Hopital Saint-Antoine - Bâtiment Kourilsky - 4ème étage - 184, rue du Faubourg Saint-Antoine, 75012 Paris, France
Transforming Growth Factor beta (TGF-B) is a multifunctional cytokine that plays key roles in metazoan biology from the early stages of embryogenesis to regeneration of mature tissues. TGF-B maintains tissue homeostasis by a multitude of processes, such as regulation of pluripotency and differentiation of stem cells as well as suppression of the oncogenic capability of premalignant cells. Paradoxically, TGF-B can also exert pro-metastatic functions to support migration and invasion at late stages of carcinogenesis. How TGF-B elicits these dual functions remains a subject of intense investigation. In this context, our research projects point at elucidating the interplays among key components of the TGF-B pathway with particular emphasis on their roles in cancer progression and cell plasticity.
Aim 1: One of the ongoing projects is dedicated to understanding the mechanisms by which ubiquitination and ubiquitination-like modification affect TGF-B signaling in the context of cancer development and progression. Specifically, we characterized several E3 ubiquitin ligases (Arkadia, PHRF1 and WWP1) deregulated in cancer that modulate TGF-B signaling. We are currently pursuing the molecular characterization of these E3 ubiquitin ligases, seeking to identify the mechanisms by which they influence tumor formation and metastasis, mainly through the discovery of new substrates for these E3 ubiquitin ligases.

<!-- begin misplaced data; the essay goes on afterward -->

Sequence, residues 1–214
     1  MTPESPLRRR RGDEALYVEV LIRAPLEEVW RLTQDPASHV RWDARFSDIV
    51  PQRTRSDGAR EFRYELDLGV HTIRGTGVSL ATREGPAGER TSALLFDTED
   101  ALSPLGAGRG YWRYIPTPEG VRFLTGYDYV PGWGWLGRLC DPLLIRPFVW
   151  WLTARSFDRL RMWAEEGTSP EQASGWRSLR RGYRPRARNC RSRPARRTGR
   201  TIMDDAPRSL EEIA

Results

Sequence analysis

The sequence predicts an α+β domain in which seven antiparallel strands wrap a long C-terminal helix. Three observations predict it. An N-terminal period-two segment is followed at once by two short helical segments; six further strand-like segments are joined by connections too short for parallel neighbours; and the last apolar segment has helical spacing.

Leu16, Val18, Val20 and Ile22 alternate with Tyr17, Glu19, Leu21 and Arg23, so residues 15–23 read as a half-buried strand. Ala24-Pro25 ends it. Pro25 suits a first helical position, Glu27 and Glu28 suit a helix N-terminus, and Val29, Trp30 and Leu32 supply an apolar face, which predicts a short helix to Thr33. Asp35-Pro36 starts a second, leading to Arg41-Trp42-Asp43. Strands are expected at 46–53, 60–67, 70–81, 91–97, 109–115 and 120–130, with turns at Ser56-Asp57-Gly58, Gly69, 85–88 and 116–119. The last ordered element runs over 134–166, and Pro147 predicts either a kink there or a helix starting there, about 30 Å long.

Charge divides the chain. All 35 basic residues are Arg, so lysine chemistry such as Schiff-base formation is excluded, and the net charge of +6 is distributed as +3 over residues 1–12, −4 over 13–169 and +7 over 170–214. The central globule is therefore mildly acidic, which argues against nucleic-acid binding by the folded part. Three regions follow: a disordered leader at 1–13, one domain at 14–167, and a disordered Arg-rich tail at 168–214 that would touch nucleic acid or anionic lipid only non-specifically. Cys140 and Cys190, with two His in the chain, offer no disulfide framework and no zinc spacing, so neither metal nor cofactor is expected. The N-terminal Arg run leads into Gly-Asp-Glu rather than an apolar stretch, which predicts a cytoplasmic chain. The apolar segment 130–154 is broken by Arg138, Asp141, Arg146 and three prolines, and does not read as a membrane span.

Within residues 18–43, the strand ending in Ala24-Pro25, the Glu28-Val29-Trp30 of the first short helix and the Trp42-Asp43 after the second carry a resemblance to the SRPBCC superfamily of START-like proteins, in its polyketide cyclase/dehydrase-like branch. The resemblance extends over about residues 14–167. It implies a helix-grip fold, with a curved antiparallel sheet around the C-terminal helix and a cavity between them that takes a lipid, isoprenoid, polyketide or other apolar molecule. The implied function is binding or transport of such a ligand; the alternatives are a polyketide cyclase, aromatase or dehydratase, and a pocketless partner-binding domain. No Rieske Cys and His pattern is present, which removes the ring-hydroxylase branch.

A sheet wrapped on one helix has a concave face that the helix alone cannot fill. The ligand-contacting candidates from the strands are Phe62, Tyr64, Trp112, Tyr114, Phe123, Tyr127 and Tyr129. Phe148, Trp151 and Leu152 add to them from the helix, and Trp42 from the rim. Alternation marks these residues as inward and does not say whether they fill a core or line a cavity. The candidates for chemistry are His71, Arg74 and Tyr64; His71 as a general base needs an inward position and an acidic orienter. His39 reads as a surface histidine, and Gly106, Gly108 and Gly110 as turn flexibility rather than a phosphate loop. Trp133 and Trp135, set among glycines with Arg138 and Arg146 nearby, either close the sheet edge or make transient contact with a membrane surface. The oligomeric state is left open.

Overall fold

Aim 2: Another research project is dedicated to the homeodomain protein TGIF. We identified novel mechanisms by which TGIF restricts TGF-B signaling during cancer progression. We are currently pursuing the characterization of TGIF through dissecting its role in pluripotency, cellular reprogramming, and how its deregulation can contribute to epithelial cancer pathogenesis, in particular to pancreatic cancer.
Aim 3: We extend our analysis of TGF-B signaling during late tumoral progression by investigating the functions of the nucleotide metabolism enzyme/metastasis suppressor NM23-H1/NME and the molecular motor kinesin KIF20A/MKlp2, two new players in cell invasion. We aim at understanding how NM23-H1/NME interferes with local invasion process/basement membrane transmigration in vivo in human cancer and we propose a thorough study of the role of the MKlp2/KIF20A kinesin in cell-cell and cell-matrix adhesion, in TGF-B-induced cell invasion.
We believe that completion of these complementary research projects will provide valuable information on cancer signaling and cell plasticity that would allow for a better rational drug design